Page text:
Impact on work and finances
Having a relative, partner or close friend in an intensive care unit (ICU)is often a sudden and unexpected event. When the patient was first admitted to ICU, as well as having to deal with the shock and distress of the situation, most people also had to make practical arrangements to enable them to be at the hospital all day, including taking time off work. Many had also taken time off work, at least for a while, when the patient was first discharged from hospital and had needed a lot of care and support at home.
Here people talk about the effects on their work and finances when a relative, partner or close friend had been critically ill in ICU.
In order to visit the patient in ICU, sometimes all day, every day, many people said they'd had to take time off work. Some said employers had been 'fantastic', one woman saying she'd been allowed four weeks compassionate leave. One man said his employers had been extremely supportive and he'd been on full pay for four months while his wife was ill. He later accepted a redundancy offer so he could care for her full-time for several years. Many others had been pleased with the support they'd received from employers and colleagues when the crisis had happened. Some people said they'd been self-employed and could take as much time off as they'd needed, though of course this meant not having any income during this time.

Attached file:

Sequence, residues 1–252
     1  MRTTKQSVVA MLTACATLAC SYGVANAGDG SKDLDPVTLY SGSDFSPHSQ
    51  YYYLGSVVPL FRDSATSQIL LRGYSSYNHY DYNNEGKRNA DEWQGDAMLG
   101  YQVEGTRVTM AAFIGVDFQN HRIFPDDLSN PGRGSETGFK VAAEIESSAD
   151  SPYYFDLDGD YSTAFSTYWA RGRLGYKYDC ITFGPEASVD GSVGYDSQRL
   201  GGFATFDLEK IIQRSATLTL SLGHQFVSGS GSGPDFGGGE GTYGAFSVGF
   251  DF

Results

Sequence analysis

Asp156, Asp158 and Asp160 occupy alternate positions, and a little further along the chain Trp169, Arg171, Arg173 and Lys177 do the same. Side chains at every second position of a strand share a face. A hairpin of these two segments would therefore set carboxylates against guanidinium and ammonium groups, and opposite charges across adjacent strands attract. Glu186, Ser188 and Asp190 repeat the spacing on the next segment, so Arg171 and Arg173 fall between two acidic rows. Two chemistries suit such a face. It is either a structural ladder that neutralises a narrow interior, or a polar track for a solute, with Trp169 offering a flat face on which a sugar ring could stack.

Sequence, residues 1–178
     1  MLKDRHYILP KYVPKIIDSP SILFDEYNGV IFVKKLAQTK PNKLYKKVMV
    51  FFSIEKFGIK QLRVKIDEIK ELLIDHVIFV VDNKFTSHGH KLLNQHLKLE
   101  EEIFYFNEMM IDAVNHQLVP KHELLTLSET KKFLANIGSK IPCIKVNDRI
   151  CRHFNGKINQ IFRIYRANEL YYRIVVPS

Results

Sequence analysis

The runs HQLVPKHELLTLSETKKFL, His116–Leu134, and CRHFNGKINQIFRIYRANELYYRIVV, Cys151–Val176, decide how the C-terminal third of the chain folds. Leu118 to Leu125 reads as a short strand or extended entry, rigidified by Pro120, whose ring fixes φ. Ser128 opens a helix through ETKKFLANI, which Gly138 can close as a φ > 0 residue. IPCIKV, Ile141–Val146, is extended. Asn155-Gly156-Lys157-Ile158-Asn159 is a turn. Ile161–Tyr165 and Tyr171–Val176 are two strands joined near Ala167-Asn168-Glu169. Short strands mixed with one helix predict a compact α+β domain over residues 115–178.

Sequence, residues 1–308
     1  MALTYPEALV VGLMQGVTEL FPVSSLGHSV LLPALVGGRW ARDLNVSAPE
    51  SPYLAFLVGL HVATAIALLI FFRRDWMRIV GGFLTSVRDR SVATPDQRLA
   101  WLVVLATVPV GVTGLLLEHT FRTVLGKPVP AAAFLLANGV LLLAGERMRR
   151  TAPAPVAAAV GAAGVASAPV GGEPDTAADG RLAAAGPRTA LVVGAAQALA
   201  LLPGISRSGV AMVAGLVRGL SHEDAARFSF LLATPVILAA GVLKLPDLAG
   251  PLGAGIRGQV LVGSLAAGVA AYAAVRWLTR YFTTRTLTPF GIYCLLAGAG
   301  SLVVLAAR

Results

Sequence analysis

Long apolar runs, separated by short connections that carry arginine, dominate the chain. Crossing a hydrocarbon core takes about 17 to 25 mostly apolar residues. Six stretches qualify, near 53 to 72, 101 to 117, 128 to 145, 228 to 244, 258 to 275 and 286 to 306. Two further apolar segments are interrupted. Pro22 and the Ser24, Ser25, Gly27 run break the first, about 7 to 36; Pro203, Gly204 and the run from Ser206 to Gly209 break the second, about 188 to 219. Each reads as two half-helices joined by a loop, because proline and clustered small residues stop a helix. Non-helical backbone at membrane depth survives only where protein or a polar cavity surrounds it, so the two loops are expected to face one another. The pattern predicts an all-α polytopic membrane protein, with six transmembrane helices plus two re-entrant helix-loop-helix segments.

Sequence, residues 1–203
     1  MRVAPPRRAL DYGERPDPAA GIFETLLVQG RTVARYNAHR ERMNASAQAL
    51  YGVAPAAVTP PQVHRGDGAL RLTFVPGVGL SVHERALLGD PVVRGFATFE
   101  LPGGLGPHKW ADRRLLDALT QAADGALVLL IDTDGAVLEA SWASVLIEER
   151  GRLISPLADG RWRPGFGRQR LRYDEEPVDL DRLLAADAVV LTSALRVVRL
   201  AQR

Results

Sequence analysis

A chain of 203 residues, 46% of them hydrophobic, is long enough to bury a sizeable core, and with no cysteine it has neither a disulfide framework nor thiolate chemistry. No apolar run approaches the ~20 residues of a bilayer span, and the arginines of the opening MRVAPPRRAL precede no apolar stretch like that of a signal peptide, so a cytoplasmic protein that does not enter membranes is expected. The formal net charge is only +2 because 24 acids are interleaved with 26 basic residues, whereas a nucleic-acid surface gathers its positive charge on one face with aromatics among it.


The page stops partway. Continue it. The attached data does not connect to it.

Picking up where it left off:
- Age at interview:
- Administrator, married with two daughters. Ethnic background/nationality: White British.
Were your colleagues supportive?
Very supportive. Yes. Very supportive. We had actually had a bad year at work. A number of people had had tragedies. My close colleague, her father had died of a heart attack in the June, and then my manager had a car accident that she was lucky to escape from. And as I say my managing director had had a serious accident, so actually 2003 was a very unlucky year for us all and I think, because we had all suffered something, they all knew what support I needed. And because I have been there a long time and I don't take time off sick or whatever, I am quite a loyal employee, there were you know exceptions made, rather than just three days compassionate leave. I was given two weeks off and that really helped. And then I found going into work I didn't dwell on things. You know I got on with my work. I put on a happy face and that for everybody I didn't take it into work with me. So that I think helped a lot as well rather than, like I say, sitting at home or sitting in hospital for 24 hours a day, just thinking about what was going on really, and what could happen.